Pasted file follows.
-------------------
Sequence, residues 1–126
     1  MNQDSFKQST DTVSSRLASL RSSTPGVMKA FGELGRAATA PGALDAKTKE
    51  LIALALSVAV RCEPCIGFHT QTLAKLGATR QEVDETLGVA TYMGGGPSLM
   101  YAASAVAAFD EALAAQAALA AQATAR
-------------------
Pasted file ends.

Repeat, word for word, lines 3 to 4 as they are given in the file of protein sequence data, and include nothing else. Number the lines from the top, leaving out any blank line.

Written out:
    51  LIALALSVAV RCEPCIGFHT QTLAKLGATR QEVDETLGVA TYMGGGPSLM
   101  YAASAVAAFD EALAAQAALA AQATAR